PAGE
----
Typically, you can come to Taiwan on a tourism visa and stay for 3-6 months, depending on your nationality. I had friends in Taiwan who worked under-the-table jobs part-time and did visa runs indefinitely.
However, during the pandemic, tourists are not allowed to enter Taiwan. This policy is one of the reasons Taiwan has done some well with COVID-19. Life there has remained mostly normal, and they've had very few cases and only a handful of deaths.
The only way you can currently enter Taiwan is by moving there for work. You'll need proof of employment, and you'll also have to get a test before flying and do 14 days of quarantine in a government-approved hotel upon arrival.
Working in Taiwan – Working Visa
The school or company you work for will usually apply for an ARC (alien residents card) and working visa on your behalf. You can also get an ARC through marriage to a local. If you maintain an ARC for five years, you can apply for an APRC (permanent ARC).
If you're a native English speaker, it's easy to find teaching work in Taiwan, and you only have to teach a minimum of 14 hours per week. Besides teaching work, there are not so many employment opportunities available if you can't speak Mandarin.
INSIDER TIP : If you get an ARC (working visa) through a school or company in Taiwan but decide to quit, you may lose the ARC. You'll either have to find a new company willing to provide you with one ASAP, convince your old company to transfer your ARC to the new company, or leave Taiwan, re-enter, and start again from the beginning.
Other Resident Visas
Entrepreneurs and digital nomads can also apply for a Gold Visa if they make $5700 or more per month.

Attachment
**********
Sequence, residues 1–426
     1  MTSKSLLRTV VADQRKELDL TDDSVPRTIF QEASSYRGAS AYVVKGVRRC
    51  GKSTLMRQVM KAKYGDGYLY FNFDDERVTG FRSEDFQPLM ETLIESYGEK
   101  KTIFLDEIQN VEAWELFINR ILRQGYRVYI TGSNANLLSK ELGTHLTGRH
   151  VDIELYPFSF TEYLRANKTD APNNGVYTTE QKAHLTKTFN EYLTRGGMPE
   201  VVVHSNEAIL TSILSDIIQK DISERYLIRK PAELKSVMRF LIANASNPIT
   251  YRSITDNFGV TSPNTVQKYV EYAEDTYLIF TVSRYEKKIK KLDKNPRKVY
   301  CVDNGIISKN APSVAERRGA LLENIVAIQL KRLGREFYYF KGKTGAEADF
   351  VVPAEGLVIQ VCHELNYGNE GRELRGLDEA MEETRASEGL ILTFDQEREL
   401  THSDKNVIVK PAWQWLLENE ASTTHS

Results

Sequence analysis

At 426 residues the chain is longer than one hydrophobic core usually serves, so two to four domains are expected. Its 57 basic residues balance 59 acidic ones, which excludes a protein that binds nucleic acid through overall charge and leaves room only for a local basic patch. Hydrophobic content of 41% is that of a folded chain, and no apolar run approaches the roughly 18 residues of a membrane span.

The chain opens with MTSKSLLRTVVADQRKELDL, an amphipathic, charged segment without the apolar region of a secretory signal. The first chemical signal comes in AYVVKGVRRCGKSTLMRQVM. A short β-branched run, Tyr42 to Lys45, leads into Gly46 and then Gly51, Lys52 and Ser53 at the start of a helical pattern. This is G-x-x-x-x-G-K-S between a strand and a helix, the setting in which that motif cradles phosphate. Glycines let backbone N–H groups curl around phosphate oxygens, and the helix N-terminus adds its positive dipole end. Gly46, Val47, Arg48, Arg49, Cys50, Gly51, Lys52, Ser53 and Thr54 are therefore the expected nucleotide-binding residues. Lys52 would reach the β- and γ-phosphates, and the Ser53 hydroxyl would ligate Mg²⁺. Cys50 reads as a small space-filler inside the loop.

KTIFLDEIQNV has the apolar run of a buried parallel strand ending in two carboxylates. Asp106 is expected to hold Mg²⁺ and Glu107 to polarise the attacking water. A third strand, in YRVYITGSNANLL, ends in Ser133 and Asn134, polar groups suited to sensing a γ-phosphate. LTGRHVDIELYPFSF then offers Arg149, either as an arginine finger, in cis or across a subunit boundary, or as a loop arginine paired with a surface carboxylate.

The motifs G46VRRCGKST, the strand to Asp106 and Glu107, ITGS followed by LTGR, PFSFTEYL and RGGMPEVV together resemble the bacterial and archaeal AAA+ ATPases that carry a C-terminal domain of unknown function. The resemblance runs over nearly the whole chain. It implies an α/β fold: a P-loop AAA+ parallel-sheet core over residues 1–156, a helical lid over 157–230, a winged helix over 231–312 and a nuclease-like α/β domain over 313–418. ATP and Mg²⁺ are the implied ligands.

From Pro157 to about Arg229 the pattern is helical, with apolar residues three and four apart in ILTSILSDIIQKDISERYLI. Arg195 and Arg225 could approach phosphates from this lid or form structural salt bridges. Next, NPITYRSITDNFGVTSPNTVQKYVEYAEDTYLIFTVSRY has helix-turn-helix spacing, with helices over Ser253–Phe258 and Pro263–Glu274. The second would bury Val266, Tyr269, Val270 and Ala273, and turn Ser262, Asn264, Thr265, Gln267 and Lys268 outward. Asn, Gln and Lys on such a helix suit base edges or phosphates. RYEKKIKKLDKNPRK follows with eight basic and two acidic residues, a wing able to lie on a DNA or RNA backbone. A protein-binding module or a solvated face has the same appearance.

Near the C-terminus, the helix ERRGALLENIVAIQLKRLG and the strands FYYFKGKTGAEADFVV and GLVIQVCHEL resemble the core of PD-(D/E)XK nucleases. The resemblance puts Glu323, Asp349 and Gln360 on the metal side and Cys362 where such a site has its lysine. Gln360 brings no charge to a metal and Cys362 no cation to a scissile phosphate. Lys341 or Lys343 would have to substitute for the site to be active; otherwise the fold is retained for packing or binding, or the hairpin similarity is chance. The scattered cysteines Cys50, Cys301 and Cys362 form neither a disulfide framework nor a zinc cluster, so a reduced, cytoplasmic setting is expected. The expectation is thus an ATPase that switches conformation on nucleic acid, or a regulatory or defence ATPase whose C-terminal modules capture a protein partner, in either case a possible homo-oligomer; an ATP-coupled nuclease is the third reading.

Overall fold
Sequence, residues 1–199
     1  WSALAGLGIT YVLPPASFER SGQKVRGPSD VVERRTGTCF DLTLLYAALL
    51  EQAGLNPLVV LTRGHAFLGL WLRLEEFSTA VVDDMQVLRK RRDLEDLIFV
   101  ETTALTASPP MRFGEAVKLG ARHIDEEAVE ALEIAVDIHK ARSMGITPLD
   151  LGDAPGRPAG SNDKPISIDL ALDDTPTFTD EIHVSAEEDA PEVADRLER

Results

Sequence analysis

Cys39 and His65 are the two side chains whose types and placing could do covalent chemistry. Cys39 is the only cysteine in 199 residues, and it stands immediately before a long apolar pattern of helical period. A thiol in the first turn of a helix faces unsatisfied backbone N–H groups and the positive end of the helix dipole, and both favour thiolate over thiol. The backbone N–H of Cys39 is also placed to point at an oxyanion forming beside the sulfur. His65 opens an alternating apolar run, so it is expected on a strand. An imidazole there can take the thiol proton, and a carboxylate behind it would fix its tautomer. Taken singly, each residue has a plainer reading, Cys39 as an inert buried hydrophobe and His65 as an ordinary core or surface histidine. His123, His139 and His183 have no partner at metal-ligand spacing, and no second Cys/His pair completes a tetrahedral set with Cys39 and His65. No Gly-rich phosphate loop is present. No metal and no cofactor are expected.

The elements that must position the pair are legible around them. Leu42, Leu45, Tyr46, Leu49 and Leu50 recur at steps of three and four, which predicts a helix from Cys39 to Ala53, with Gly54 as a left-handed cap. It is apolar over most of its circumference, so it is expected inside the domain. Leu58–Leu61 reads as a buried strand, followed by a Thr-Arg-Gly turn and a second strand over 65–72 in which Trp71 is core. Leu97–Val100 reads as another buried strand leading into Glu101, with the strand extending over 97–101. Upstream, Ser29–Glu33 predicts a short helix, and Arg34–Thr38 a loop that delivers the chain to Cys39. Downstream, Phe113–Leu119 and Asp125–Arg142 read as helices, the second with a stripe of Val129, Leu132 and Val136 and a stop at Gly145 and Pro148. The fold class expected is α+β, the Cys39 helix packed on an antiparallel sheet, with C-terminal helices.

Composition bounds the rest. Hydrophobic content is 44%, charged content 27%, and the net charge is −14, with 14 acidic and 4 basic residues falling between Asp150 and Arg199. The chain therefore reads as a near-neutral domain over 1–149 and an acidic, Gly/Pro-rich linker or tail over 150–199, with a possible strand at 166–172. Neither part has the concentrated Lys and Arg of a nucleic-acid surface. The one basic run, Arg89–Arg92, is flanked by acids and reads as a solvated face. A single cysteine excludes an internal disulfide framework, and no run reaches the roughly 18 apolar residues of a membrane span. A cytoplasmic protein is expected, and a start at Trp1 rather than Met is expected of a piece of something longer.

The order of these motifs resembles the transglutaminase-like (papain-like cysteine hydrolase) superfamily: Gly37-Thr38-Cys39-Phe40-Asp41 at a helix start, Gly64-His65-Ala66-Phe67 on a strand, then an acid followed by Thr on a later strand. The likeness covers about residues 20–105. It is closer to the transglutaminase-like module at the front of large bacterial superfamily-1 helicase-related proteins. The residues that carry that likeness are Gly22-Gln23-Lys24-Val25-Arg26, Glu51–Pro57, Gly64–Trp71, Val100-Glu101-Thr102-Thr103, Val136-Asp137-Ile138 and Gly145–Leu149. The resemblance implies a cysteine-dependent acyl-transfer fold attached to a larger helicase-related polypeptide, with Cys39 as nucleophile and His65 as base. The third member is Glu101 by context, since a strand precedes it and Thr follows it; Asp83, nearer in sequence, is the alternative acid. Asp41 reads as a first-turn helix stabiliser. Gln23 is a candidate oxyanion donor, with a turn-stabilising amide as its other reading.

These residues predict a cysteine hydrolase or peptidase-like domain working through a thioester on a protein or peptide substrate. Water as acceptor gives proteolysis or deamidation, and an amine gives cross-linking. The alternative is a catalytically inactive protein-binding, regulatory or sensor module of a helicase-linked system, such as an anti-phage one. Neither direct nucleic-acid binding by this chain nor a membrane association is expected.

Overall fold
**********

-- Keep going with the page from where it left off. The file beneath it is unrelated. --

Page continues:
EDITOR'S NOTE : What about a Taiwan Retirement Visa? - Taiwan has neither a Digital Nomad Visa, nor a Retirement Visa. Taiwan has two ways for retirees and digital nomads to stay long term.
- Gold Visa- good for successful digital nomads, as the visa allows you to work in Taiwan, if you can prove ~$5,700+ monthly income.
- Investor Visa- good for retirees who can invest $200,000 into a local active business or investment fund.
Nomadic FIRE will have a full article on visa option for Taiwan in the near future. In the meantime, check out these countries for retirement visas.
Still researching the best cities for retirement? Check out our extensive Cost of Living collection for the best expat destinations. Get insider information and real examples of expat life from people who have spent years living abroad. I've compiled all the information you need: cost breakdowns, insider tips to save money, and detailed examples of the quality of lifestyle you can enjoy.
Final Thoughts: Cost of Living in Taipei, Taiwan
The cost of living in Taipei is by no means the cheapest in Asia, nor are any types of visas easy to get right now. But if you make an effort to get in and establish yourself, you'll love your quality of life. A comfortable life in Taipei is very affordable, and that's why so many expats swear by it.
EDITOR'S NOTE : HOW-TO BECOME AN EXPAT- This is Nick's 2nd collaboration with Nomadic FIRE. In December, I interviewed 12 expats who have lived in 22 different countries, with over 100 years of combined expat experience. These expats reveal their tips for traveling abroad for the first time, breaking down the challenges they faced living internationally and sharing their essential steps on How To Become An Expat.
I have traveled to over 40 countries to give you the best ways to save, invest, and live overseas for less cost than in the US. After five years of traveling, my list of places to live keeps getting longer. To give you more information on the best places to live abroad, I partner with experts from the expat community.
You want insider information from people with feet in the street? I only work with expats with real-life experience living in countries you want to know about. Together you get updated info on the best neighborhoods, detailed Cost of Living examples, money-saving advice, and recommendations on the local places to eat, drink, and see.
Are you a travel blogger with information you can share on living in another country? Contact me and let's talk about collaborating on a guest post.
EXPAT CONTRIBUTION BY: Nick Kembel
Nick Kembel is the author of Taiwan in the Eyes of a Foreigner and has written about Taiwan for CNN, National Geographic Traveller, and many other publications. He is also the creator of Spiritual Travels, a travel website dedicated mainly to Taiwan, and Taiwan Travel Planning, a free travel resource for Taiwan travel information.